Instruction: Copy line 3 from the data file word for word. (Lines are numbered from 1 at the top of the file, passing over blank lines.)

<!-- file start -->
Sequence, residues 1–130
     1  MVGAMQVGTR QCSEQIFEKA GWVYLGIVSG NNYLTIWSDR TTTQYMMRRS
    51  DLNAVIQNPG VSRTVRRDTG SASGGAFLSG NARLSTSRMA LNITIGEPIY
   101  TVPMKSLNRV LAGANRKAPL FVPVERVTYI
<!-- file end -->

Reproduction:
    51  DLNAVIQNPG VSRTVRRDTG SASGGAFLSG NARLSTSRMA LNITIGEPIY